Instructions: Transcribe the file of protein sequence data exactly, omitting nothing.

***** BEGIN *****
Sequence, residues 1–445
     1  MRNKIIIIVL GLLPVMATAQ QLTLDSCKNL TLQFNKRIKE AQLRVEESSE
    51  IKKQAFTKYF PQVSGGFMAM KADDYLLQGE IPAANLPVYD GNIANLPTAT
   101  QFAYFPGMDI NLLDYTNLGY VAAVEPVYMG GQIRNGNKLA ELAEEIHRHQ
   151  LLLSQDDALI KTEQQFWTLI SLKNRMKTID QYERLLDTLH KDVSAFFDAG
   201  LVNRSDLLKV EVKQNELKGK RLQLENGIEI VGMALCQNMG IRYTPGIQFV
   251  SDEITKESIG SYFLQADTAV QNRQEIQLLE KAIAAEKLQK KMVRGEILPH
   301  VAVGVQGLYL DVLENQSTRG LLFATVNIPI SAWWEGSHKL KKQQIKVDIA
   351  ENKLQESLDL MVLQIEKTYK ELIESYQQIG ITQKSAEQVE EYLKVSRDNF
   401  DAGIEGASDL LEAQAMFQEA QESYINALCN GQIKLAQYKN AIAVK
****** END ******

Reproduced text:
Sequence, residues 1–445
     1  MRNKIIIIVL GLLPVMATAQ QLTLDSCKNL TLQFNKRIKE AQLRVEESSE
    51  IKKQAFTKYF PQVSGGFMAM KADDYLLQGE IPAANLPVYD GNIANLPTAT
   101  QFAYFPGMDI NLLDYTNLGY VAAVEPVYMG GQIRNGNKLA ELAEEIHRHQ
   151  LLLSQDDALI KTEQQFWTLI SLKNRMKTID QYERLLDTLH KDVSAFFDAG
   201  LVNRSDLLKV EVKQNELKGK RLQLENGIEI VGMALCQNMG IRYTPGIQFV
   251  SDEITKESIG SYFLQADTAV QNRQEIQLLE KAIAAEKLQK KMVRGEILPH
   301  VAVGVQGLYL DVLENQSTRG LLFATVNIPI SAWWEGSHKL KKQQIKVDIA
   351  ENKLQESLDL MVLQIEKTYK ELIESYQQIG ITQKSAEQVE EYLKVSRDNF
   401  DAGIEGASDL LEAQAMFQEA QESYINALCN GQIKLAQYKN AIAVK